Circular design in the Global South


  • Pekka Huovila Green Building Council Finland, Lapinrinne 3, 00100 Helsinki, Finland
  • Usha Iyer-Raniga RMIT University, 124 LaTrobe Street, Melbourne VIC 3000, Australia
  • Christina Cheong Global Green Growth Institute, 19F Jeongdong Building, 21-15 Jeongdong-gil, Jung-gu, 04518 Seoul, Republic of Korea
  • Riya Malhotra The Energy and Resources Institute (TERI), Darbari Seth Block, IHC Complex, Lodhi Road, 110 003 New Delhi, India
  • Yatin Choudhary The Energy and Resources Institute (TERI), Darbari Seth Block, IHC Complex, Lodhi Road, 110 003 New Delhi, India
  • Guillermo Penagos e Càtedra UNESCO de Sostenibilitat, Universitat Politècnica de Catalunya, ESEIAAT – Campus Terrassa, C/Colom, 1, 08222-Terrassa, Barcelona, Spain



case studies, circular built environment, life cycle, sustainable buildings and construction, sustainable development goals (SDGs)


One Planet Sustainable Buildings and Construction Programme (SBC), led by the Ministry of the Environment, Finland and co-led by RMIT University and UN Environment Programme was initiated in 2015. Work on circular built environments commenced in the second iteration of the programme’s work plan. SBC was the first global programme that worked on circularity and responsibly sourced materials in the buildings and construction sector. In 2020, the SBC programme published a range of reports focusing on the state of play for circular built environments across specific regions, tied together with a global report. The present focus of the programme is on Africa, Asia and Latin America, where case studies are collected following a common framework.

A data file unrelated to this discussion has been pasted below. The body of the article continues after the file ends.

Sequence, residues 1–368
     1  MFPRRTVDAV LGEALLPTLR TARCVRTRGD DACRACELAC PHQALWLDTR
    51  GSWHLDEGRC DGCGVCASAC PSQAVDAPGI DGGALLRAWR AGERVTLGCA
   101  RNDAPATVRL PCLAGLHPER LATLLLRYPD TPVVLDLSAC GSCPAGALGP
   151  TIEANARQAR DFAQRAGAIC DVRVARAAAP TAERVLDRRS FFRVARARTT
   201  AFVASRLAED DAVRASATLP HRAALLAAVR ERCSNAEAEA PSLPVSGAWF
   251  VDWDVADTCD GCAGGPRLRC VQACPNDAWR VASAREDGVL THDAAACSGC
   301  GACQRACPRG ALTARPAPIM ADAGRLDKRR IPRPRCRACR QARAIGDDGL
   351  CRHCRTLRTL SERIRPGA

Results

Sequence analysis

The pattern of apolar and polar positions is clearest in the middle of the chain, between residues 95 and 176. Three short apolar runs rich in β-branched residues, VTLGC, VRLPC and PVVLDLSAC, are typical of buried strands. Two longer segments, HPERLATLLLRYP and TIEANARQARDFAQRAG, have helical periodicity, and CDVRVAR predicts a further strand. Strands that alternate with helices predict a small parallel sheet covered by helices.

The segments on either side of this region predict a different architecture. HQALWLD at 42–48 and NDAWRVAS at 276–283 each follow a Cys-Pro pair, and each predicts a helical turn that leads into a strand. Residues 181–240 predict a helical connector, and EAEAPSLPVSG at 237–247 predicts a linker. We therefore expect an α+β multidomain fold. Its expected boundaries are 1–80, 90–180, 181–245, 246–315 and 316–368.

These case studies together with a global survey provide reliable performance data for responsibly sourced building materials in the Global South. The underpinning premise through this process is to support related SDGs across the social, environmental, and economic considerations and enable countries to achieve their targets under the Paris Agreement. This paper presents key findings from this study, largely derived through case studies in the Global South. The results show that not all stages of the building life cycle are addressed through local examples.


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